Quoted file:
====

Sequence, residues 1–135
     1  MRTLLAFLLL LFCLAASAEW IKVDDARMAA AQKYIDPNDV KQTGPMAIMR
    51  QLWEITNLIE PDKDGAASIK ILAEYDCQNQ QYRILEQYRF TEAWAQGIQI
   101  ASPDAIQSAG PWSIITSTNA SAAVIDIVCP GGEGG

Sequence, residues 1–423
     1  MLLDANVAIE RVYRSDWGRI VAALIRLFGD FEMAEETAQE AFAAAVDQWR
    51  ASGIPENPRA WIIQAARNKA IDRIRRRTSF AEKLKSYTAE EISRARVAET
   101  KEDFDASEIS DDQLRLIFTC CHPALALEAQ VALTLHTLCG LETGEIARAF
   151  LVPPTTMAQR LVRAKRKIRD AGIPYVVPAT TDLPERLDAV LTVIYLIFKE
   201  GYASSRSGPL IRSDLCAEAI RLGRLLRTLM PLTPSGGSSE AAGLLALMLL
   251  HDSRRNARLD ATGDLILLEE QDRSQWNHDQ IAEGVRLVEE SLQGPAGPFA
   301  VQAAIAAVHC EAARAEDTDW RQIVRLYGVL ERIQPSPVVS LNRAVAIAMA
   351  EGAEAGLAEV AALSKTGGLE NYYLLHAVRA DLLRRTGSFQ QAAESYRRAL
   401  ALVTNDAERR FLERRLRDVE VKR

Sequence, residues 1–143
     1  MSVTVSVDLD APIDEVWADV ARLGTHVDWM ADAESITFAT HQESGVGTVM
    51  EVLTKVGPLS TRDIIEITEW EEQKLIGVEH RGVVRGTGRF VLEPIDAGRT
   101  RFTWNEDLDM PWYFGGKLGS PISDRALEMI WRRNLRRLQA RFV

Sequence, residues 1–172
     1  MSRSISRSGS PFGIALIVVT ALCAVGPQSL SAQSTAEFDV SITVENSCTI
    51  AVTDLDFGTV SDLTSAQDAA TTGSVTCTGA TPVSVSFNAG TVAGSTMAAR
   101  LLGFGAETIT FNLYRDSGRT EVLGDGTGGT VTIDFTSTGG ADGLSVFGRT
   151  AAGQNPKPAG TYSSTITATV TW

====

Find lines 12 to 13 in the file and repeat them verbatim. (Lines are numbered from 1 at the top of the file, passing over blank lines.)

   301  VQAAIAAVHC EAARAEDTDW RQIVRLYGVL ERIQPSPVVS LNRAVAIAMA
   351  EGAEAGLAEV AALSKTGGLE NYYLLHAVRA DLLRRTGSFQ QAAESYRRAL